28. Instead, people should give serious thought to administering an IQ test to those running for SC.  Not that they have to have a high IQ, or even more than a pulse, but just to insure they have a brain.

    1- How hard is it to take a piece of paper with a line on it on one side, and other information on the other side, and write ONE of TWO choices of who is going to lead their party?  (77 of 80 figured out how to do it right, indicating there was nothing too tricky about the situation.

    2- As to the RG, the Chairman had already made it crystal clear that such would stand as for RICK GREEN.  To the person who wrote RG:  Was it that much trouble to spell out the name of who you chose as Chair?  Was this race not important enough to you to insure your choice was clearly understood?

    Pathetic from every angle.

  29. Seeing as the first vote produced a tie,

    Shouldn’t the floor been opened up to additional nominations?

    What if someone wanted to propose drafting Bob Maginn for example?

  30. “Small government” is fine, no one disagrees with that. It’s Libertarianism that has no place in the party.

  31. YES! Combined with a little less corruption (Devito), common sense might actually help us avoid bad press! DeVito has spoon fed the media three different incidents blackening the eye of our party. He really does need to be removed form his post. He is only bad news.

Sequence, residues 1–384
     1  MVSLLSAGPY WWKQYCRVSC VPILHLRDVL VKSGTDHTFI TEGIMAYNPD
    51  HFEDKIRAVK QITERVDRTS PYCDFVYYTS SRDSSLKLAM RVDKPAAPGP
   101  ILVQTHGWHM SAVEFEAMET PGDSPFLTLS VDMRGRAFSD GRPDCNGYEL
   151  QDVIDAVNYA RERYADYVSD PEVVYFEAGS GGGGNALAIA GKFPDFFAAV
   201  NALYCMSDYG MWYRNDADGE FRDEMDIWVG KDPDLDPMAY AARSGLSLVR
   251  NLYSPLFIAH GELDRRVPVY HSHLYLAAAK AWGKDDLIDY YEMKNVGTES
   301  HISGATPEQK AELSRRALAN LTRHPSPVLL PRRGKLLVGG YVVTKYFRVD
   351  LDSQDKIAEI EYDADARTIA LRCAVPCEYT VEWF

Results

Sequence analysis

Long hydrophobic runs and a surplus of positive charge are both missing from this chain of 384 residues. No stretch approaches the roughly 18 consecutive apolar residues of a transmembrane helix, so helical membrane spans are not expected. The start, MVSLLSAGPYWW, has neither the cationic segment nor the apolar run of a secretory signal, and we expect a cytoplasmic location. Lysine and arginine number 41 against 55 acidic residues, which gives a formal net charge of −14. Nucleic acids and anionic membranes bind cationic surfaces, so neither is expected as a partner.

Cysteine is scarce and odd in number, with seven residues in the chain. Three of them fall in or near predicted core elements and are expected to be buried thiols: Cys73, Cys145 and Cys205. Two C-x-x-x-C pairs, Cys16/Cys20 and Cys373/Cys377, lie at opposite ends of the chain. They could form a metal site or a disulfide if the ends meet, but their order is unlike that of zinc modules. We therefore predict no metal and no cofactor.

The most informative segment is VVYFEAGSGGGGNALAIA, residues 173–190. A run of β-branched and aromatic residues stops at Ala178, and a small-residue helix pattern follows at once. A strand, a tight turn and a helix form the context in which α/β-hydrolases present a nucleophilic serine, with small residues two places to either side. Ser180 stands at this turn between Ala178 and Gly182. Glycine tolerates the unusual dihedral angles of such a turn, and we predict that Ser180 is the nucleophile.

32. Conservatism could not exist without libertarianism. Libertarianism (as a party with elected officials) just doesn’t exist… So there goes that.  If libertarianism is to be a viable ideology in the form of policy creation, run as a republican. Otherwise, no such luck.  

  33. The Republican Party has a much higher ceiling in Mass than most people think.

    I agree with you whole-heartedly about the next generation being libertarian. But the place for that is the Republican Party; the role of the Libertarian Party is disappearing.

  34. What a shame the Mass GOP forces us to think and act outside “their” box.  Shouldn’t have to be, and there’s been enough evidence to show and prove how wrong their antics are.

  35. Of course there is a party. They don’t get more than 8% or so, but that should tell you something.

    Conservatism is not anti-goverment, and it is not for radically transforming the nature of humanity. Libertarian policies will lead to big government, because they don’t promote the kind of moral values that allow for small government.